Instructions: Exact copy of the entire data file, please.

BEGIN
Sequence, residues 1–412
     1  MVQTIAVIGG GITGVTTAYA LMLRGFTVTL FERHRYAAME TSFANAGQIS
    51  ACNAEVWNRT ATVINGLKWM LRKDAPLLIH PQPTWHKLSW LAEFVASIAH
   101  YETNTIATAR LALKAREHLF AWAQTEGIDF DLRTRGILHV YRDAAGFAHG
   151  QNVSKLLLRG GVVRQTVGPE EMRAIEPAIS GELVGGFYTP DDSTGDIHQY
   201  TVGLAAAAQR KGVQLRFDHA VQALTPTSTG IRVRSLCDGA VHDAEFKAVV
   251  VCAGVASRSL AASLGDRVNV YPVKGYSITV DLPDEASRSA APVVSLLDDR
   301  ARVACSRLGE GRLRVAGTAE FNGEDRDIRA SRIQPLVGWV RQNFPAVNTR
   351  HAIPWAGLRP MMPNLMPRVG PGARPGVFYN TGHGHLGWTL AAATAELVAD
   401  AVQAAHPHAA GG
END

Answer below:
Sequence, residues 1–412
     1  MVQTIAVIGG GITGVTTAYA LMLRGFTVTL FERHRYAAME TSFANAGQIS
    51  ACNAEVWNRT ATVINGLKWM LRKDAPLLIH PQPTWHKLSW LAEFVASIAH
   101  YETNTIATAR LALKAREHLF AWAQTEGIDF DLRTRGILHV YRDAAGFAHG
   151  QNVSKLLLRG GVVRQTVGPE EMRAIEPAIS GELVGGFYTP DDSTGDIHQY
   201  TVGLAAAAQR KGVQLRFDHA VQALTPTSTG IRVRSLCDGA VHDAEFKAVV
   251  VCAGVASRSL AASLGDRVNV YPVKGYSITV DLPDEASRSA APVVSLLDDR
   301  ARVACSRLGE GRLRVAGTAE FNGEDRDIRA SRIQPLVGWV RQNFPAVNTR
   351  HAIPWAGLRP MMPNLMPRVG PGARPGVFYN TGHGHLGWTL AAATAELVAD
   401  AVQAAHPHAA GG